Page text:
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Predators That Walk On Water: Some Facts To Know About Water Skaters


This summer, many parents are spending long days at home with their children. NPR's Geoff Brumfiel is one of those parents, and he has found a new hobby to try and kill the time.

GEOFF BRUMFIEL, BYLINE: My house, Blursday (ph), 2020.

UNIDENTIFIED CHILD #1: What can we do? What can we do?

UNIDENTIFIED CHILD #2: What can we do? What can we do?

BRUMFIEL: We're all driving each other a little nuts. Fortunately, even though we live in Washington, D.C., we have lots of parks and woods near our home.


BRUMFIEL: And so we've taken to going out and looking for bugs. It really started with my 3-year-old daughter.

UNIDENTIFIED CHILD #1: Daddy, look. Look.

BRUMFIEL: She just kept seeing little creatures I'd never noticed and some that I have.

What's that?

UNIDENTIFIED CHILD #1: Skater. It's kind of like a skater. And it is a skater.

BRUMFIEL: Like water skaters, skaters or striders or scooters, whatever you want to call them. They're an insect we've all seen, but entomologist Kamal Gandhi says there's a lot going on there.

KAMAL GANDHI: So we all know they walk on water (laughter). A part of the reason how - why they can do that is because their legs are long, so that their body weight is somewhat equally distributed on the surface area.

BRUMFIEL: It means the skater can sit atop a pond or pool without breaking the water's delicate surface tension. It's such an effective way of getting around that water skaters are everywhere. Hundreds of different species live in almost every ecosystem on earth, even in the oceans.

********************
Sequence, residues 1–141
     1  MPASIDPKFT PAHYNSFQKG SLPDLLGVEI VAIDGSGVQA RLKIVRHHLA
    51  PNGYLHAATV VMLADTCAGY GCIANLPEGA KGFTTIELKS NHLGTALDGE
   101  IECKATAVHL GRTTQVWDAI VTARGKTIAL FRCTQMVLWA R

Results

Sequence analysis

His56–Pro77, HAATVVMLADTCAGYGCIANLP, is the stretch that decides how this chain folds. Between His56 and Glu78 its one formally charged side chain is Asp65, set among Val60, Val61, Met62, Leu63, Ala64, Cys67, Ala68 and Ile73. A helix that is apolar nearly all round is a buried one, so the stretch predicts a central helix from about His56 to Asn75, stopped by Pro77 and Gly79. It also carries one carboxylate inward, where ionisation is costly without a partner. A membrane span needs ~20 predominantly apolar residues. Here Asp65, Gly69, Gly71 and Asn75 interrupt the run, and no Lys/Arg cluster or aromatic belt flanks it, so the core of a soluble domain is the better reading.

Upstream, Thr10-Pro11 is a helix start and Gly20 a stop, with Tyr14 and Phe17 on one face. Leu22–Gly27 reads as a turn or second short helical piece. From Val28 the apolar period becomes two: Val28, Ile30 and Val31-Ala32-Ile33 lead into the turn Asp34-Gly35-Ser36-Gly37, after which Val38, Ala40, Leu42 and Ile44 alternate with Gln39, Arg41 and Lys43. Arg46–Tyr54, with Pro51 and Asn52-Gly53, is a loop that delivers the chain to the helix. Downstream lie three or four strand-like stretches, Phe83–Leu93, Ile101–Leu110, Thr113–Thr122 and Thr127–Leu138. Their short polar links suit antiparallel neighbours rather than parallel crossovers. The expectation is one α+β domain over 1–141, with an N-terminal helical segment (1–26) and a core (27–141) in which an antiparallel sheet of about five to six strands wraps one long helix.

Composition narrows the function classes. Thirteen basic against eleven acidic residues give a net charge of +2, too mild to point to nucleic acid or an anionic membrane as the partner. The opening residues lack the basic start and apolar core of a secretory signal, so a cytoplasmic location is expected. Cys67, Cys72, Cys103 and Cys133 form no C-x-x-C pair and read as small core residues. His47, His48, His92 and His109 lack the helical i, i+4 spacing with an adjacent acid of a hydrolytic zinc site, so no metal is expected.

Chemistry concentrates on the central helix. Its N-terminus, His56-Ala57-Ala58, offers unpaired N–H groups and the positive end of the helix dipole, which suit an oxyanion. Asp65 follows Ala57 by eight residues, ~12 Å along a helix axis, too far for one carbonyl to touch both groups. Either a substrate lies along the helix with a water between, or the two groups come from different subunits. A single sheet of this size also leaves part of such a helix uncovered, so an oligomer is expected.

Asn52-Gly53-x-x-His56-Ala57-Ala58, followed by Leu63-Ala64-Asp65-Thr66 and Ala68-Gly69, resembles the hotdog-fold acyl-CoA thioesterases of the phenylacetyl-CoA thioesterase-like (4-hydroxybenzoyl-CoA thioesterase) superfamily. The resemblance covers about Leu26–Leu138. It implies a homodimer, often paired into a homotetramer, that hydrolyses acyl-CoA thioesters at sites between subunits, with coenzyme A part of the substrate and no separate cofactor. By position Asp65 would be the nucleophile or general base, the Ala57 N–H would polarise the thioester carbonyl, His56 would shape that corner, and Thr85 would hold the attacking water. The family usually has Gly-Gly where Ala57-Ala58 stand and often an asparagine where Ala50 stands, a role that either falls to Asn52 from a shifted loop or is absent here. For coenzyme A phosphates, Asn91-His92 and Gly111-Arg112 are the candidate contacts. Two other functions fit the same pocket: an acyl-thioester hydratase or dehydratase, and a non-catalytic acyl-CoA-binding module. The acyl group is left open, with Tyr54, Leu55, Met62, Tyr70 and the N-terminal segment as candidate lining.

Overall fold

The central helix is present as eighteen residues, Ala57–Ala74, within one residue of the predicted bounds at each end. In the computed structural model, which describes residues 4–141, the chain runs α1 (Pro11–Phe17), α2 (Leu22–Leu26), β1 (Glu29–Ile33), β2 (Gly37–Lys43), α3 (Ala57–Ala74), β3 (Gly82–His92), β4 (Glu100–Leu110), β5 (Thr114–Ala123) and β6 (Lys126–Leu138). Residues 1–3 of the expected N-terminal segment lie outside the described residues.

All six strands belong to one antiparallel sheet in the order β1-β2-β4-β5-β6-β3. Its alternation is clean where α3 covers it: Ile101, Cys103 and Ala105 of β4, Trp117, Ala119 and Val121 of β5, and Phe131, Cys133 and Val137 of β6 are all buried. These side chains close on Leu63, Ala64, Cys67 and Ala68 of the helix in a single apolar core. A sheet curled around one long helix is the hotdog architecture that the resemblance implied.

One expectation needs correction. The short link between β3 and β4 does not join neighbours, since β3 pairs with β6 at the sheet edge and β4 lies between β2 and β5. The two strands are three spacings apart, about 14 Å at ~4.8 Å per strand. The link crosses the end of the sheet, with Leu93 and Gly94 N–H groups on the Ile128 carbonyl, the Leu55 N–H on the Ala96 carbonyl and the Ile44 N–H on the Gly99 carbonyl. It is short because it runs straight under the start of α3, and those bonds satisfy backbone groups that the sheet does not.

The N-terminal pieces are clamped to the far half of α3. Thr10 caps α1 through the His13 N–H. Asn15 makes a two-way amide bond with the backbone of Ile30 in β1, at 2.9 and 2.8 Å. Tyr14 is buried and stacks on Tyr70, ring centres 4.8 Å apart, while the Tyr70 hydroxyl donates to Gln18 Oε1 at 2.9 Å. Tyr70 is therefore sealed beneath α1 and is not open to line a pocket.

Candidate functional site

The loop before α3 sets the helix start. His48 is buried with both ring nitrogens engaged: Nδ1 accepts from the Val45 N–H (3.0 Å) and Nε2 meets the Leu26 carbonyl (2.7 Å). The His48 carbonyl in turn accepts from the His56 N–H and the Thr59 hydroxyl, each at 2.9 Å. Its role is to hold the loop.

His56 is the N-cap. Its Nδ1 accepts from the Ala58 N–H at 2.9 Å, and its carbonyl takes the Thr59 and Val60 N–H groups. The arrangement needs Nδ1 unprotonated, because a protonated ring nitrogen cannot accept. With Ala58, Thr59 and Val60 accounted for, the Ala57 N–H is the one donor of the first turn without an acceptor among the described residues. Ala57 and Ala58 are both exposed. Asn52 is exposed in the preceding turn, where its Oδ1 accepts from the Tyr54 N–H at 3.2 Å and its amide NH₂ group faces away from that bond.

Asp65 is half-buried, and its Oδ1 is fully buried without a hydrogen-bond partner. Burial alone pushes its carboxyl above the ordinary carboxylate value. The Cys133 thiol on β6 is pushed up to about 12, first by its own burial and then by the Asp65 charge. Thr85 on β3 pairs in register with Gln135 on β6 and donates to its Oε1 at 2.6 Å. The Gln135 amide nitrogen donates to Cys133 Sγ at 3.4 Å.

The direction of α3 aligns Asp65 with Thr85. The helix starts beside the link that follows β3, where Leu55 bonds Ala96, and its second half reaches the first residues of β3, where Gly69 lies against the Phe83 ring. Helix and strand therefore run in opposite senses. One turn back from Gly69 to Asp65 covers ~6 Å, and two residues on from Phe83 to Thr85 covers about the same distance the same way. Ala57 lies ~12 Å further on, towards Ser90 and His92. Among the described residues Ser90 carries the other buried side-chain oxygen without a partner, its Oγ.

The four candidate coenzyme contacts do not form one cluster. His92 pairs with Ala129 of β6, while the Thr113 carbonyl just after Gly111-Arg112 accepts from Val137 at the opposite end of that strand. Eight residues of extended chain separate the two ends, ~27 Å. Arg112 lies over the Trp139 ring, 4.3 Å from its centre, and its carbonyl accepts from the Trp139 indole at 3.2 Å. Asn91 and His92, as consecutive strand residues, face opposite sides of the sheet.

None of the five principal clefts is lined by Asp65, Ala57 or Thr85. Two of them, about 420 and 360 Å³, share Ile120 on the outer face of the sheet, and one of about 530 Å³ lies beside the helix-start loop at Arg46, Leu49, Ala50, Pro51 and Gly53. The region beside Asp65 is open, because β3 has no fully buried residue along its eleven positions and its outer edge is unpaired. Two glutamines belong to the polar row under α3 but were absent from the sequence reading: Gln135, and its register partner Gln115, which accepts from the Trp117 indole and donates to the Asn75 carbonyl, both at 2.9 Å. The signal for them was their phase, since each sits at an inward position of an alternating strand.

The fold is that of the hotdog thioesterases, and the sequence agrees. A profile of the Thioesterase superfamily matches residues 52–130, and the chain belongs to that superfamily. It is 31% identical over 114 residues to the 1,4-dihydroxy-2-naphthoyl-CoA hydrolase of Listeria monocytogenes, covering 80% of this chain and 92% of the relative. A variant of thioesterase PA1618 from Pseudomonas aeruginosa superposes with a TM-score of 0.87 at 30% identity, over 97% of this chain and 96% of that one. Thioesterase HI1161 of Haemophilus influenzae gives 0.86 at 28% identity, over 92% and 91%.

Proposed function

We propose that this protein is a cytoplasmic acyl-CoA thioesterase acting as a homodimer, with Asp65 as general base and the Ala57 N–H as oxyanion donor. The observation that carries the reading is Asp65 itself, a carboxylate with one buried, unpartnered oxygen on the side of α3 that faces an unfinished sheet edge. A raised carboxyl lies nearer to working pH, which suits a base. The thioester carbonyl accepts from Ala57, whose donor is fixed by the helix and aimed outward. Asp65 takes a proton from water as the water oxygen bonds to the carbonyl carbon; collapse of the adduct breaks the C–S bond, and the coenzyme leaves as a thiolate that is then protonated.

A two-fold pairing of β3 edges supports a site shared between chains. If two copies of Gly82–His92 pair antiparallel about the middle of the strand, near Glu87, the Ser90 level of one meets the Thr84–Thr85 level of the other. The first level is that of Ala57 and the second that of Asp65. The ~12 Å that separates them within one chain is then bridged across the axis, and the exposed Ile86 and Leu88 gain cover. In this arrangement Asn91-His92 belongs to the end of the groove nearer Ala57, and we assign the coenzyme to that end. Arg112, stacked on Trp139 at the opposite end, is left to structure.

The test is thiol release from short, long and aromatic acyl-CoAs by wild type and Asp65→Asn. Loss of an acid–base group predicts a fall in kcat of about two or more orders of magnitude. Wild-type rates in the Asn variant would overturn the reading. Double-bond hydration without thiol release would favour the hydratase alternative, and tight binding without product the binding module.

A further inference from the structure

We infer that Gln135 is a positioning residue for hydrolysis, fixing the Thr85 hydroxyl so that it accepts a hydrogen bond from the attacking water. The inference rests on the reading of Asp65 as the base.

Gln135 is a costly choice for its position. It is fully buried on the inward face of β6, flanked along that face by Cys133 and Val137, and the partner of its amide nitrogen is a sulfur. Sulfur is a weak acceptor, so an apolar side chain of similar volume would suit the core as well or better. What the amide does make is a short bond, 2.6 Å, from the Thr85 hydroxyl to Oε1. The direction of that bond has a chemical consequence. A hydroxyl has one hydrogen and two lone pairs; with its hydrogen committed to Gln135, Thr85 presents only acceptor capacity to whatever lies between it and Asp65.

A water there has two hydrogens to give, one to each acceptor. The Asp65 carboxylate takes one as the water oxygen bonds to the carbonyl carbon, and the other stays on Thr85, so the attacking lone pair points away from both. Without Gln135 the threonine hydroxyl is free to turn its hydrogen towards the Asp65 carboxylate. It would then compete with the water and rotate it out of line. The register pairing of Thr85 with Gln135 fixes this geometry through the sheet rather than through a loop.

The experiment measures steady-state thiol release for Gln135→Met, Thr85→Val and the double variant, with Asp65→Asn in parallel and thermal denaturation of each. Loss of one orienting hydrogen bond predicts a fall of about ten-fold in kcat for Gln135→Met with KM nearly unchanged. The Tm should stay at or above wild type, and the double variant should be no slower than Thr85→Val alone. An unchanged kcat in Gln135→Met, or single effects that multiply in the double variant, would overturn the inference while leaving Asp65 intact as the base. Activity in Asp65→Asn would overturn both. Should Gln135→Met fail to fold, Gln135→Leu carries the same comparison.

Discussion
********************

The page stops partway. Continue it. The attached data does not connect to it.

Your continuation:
GANDHI: They're probably one of those few rare insects that can be found in the marine habitats.

BRUMFIEL: Most are small...

GANDHI: But there are some gigantic ones as well in Southeast Asia.

BRUMFIEL: The biggest-known species can grow to be more than a foot across. I never realized this, but most water skaters are predators. They eat other little bugs living in the waters they patrol.

GANDHI: And they can actually - they're cannibalistic. They can feed on each other.

BRUMFIEL: Who knew? I mean, it sounds kind of dark. They seemed like such peaceful little creatures.

GANDHI: (Laughter) Yeah, they absolutely are peaceful little creatures. But there's a lot going on just underneath the surface, so to speak.

BRUMFIEL: Gandhi, who's at the University of Georgia, says these little skaters are just one example of an entire ecosystem right beneath our feet. So on these long summer days...

GANDHI: I say, go out. Go out and spend time with all the little things that run the world.

BRUMFIEL: Geoff Brumfiel, NPR News. Transcript provided by NPR, Copyright NPR.

Geoff Brumfiel works as a senior editor and correspondent on NPR's science desk. His editing duties include science and space, while his reporting focuses on the intersection of science and national security.
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